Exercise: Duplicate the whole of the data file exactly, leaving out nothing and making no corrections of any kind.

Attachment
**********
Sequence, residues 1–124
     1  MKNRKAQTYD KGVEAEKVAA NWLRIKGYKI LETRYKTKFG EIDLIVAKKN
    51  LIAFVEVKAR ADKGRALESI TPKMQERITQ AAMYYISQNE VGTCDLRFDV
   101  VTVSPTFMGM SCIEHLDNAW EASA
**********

Sequence, residues 1–124
     1  MKNRKAQTYD KGVEAEKVAA NWLRIKGYKI LETRYKTKFG EIDLIVAKKN
    51  LIAFVEVKAR ADKGRALESI TPKMQERITQ AAMYYISQNE VGTCDLRFDV
   101  VTVSPTFMGM SCIEHLDNAW EASA